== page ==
The director general (DG) of the Competition Commission of India (CCI) has submitted its report on Google’s Play Store billing policies. The report paves the way for the CCI to regulate how firms like Google LLC and Apple Inc. run their app stores. Mint explains:
What does the CCI report say?
The report says Google is imposing “unfair and discriminatory” conditions in violation of India’s regulations. It also said the company’s conduct in India is leading to “denial of market access” to other apps that use the government’s unified payments interface (UPI) payments system. It expresses concern that the company could lead to a situation where other UPI apps are “completely excluded” from the market and Google Pay is the dominant player. The DG investigates such matters by seeking information from competitors, customers and other stakeholders in the industry.
What happens after the report is filed?
Typically, the CCI reviews the DG’s report and sends it to the parties involved in the case for their comments. In this case, that includes Google India, the anonymous complainants in the case, and the Alliance of Digital India Foundation (ADIF), an industry body representing startups in the country. Parties, especially Google, can challenge the report from the DG. The report itself is not binding on the CCI, which can choose to rule against the report. Competition lawyers, however, noted that the CCI ruling differs from what’s in the DG’s report only in the rarest of cases.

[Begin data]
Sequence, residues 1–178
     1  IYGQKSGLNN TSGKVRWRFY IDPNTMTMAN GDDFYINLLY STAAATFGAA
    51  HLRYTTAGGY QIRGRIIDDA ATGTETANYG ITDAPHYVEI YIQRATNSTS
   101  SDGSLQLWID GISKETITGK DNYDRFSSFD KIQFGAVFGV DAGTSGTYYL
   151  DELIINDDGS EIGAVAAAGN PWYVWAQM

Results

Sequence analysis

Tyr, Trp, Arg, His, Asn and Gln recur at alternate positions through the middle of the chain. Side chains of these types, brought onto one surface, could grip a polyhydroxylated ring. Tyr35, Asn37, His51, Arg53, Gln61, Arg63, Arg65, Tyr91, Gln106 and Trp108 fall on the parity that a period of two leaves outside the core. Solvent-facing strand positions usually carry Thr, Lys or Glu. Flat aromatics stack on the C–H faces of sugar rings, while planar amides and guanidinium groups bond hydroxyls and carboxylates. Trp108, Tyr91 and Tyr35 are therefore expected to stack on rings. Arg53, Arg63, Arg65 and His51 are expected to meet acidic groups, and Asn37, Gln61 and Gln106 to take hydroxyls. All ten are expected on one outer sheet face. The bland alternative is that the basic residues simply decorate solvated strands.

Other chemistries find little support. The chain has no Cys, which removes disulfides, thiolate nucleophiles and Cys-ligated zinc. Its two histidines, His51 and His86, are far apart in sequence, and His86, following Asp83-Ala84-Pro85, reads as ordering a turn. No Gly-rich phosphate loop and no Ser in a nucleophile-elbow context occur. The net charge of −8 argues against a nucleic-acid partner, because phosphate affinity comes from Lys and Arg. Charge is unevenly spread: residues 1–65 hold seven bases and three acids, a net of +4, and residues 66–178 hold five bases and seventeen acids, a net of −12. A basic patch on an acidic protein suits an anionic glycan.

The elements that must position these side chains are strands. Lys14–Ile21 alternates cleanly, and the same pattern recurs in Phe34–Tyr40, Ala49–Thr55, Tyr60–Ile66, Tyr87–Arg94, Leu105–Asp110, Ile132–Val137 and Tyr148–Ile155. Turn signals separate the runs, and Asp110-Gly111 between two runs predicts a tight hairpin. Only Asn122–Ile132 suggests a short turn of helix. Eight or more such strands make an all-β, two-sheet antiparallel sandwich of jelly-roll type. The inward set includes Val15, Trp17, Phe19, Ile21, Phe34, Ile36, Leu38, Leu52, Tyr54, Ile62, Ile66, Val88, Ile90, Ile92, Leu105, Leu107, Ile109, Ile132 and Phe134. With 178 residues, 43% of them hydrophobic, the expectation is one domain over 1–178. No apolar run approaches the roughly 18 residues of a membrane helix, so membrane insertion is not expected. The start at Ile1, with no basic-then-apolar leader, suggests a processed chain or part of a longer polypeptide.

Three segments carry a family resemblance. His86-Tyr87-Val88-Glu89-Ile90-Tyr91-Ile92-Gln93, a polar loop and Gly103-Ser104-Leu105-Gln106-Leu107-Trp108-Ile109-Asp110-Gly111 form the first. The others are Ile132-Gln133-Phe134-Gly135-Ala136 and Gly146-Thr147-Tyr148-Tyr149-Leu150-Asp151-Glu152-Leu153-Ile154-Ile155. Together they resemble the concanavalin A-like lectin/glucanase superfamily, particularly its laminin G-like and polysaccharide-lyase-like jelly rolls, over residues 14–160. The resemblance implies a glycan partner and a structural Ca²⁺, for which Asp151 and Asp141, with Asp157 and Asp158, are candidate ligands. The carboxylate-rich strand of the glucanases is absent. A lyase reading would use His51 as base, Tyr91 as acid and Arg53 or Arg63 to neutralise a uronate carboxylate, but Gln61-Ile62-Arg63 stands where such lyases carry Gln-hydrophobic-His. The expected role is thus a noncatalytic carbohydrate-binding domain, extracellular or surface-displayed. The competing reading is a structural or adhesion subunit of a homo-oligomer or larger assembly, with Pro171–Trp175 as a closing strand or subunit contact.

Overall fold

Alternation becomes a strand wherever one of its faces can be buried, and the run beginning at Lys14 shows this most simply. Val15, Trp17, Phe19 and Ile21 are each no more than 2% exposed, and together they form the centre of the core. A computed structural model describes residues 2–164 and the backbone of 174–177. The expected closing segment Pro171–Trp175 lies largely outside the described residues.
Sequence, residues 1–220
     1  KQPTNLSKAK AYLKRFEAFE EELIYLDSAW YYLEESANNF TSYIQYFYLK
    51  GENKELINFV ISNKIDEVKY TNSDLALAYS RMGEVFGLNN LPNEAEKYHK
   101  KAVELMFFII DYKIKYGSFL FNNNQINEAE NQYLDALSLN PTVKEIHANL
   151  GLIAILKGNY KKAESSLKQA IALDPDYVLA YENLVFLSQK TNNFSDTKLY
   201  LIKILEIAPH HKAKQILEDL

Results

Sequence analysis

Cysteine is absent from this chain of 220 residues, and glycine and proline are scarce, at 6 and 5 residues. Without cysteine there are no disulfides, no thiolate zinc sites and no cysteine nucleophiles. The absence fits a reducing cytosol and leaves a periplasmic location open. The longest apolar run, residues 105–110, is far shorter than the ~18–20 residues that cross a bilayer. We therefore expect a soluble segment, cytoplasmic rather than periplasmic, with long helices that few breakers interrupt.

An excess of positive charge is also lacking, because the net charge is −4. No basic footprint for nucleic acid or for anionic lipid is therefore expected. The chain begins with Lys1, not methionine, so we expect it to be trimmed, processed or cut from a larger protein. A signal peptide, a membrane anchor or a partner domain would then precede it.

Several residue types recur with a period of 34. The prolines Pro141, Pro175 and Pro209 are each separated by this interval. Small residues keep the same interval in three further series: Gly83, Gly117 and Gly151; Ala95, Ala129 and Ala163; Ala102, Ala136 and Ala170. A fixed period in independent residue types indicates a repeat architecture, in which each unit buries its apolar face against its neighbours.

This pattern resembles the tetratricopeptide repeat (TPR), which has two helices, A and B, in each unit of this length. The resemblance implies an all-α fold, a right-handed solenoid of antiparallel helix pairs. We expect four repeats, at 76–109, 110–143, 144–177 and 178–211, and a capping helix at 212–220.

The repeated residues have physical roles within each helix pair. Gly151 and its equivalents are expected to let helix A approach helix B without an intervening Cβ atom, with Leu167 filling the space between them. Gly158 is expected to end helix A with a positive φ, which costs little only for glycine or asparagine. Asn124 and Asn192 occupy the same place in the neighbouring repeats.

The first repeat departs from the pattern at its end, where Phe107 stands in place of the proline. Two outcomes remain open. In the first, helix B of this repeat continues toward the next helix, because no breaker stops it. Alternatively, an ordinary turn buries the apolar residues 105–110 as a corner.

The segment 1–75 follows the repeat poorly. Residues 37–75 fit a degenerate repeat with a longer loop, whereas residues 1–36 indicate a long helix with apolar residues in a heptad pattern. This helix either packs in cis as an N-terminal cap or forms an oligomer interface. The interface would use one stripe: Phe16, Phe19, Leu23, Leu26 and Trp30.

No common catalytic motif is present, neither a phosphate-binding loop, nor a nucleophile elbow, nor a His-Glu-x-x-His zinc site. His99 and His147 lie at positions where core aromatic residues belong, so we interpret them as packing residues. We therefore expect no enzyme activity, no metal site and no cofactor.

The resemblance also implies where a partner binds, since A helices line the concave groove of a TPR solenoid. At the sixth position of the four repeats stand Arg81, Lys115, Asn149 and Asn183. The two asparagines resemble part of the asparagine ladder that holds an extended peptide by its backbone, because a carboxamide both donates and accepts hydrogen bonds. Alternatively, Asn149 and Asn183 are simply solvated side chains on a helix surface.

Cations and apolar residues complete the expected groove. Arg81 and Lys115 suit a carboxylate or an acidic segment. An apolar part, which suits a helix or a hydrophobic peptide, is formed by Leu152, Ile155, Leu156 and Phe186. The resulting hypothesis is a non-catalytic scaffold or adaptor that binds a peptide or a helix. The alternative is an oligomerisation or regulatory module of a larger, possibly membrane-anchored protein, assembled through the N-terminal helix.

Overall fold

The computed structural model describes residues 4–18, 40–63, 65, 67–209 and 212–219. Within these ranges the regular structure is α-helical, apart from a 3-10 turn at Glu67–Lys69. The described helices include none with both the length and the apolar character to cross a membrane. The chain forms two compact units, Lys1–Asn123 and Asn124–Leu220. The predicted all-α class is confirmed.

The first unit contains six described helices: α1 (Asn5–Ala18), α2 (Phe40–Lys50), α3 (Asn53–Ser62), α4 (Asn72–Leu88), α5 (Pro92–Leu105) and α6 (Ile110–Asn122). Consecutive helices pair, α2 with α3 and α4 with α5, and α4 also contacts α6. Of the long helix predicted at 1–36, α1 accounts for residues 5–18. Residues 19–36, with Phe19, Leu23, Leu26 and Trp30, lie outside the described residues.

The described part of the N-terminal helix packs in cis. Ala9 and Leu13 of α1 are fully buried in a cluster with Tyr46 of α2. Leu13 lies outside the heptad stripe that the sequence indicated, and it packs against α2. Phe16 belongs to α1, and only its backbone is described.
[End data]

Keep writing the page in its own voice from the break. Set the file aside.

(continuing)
Does this mean Google is guilty?
In a statement, Google said it is reviewing the DG’s report at the moment, noting that the report doesn’t necessarily echo the final decision of the CCI’s inquiry into the matter. In legal terms too, the DG’s report is only a recommendation to the competition regulator and doesn’t automatically mean Google will be found guilty.
What could the regulator do?
The complaint against Google is part of a global discourse against the rules enforced by the company on developers. It requires app makers to use its built-in payment systems to sell apps and services, and hence pay a fee to Google. Since the case began, both Japan and South Korea have directed app store owners like Google and Apple to stop this practice. Competition regulators around the world, including the CCI, are expected to at least direct platform owners to stop forcing developers to use their own payment modes.
How will this affect Google and Apple?
Both Google and Apple have cut the fees they charge over the past two years. Apple has said it will allow third-party payments for so called “reader apps”, while Google started testing third-party payments with music streaming firm Spotify last month. The firms have done so in anticipation of regulations that are expected not just in India but all over the world. A report by market research firm Sensor Tower in December 2021 said users spent $133 billion on apps last year, across Apple and Google’s stores.
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Originally posted 2022-04-05 03:47:23.